Pania (Ngāti Porou, Tuhoe) and Clara (Ngāpuhi, Taranaki) shared their stories with our Wellington learners. Both work in the same building our centre is located in, and when they heard about the course, they offered to talk to learners about their moko kauae.
Pania and Clara explained that wearing the moko kauae on their chin is affirmation of who they are as Māori and of their iwi.
Pania says it’s called moko kauae, not to be confused with ‘moko’ that is more commonly used as an abbreviation for mokopuna (children). Pania also has an ariki kauae, on her forehead. This indicates a special ranking and has been selected by her iwi to acknowledge the work she has done for Māoridom.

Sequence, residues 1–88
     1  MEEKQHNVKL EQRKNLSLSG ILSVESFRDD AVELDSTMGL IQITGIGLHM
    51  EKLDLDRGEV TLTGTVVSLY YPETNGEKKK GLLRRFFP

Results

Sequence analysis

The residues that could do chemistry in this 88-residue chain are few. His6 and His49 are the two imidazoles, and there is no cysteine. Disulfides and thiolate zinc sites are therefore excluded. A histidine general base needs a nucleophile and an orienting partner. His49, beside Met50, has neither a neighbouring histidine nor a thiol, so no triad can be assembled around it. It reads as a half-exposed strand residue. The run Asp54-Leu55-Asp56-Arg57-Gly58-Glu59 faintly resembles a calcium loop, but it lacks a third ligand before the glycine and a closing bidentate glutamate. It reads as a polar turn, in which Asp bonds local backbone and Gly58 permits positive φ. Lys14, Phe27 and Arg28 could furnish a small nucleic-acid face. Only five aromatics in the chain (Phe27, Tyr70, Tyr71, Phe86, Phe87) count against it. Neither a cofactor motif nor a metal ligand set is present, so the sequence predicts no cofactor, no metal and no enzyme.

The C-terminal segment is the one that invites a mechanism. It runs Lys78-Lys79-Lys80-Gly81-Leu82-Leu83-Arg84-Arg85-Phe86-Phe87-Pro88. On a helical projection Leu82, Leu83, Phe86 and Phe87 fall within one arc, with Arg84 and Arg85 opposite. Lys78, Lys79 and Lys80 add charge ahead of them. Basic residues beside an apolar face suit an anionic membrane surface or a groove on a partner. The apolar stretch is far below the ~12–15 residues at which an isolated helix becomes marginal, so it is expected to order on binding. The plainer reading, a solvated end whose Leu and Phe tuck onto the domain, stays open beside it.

The two shared their stories of growing up, each with the support of their large whānau. Pania talked about ‘living off the land’ in Hicks Bay, harvesting fish from the sea, vegetables from their gardens and meat from their farms, before the advent of supermarkets.
She asked each class member to introduce themselves and their country, and expressed a keenness for future connections with our learners. The class thanked Pania and Clara by singing the waiata, Tūtira Mai Ngā Iwi.
Other topics covered in the Kiwiana class include a history of New Zealand and all the peoples who have arrived here since 1200AD, major events and changes throughout our history, and a look at natural New Zealand and predator pests.
With thanks to Kathy Ombler, teacher, for this story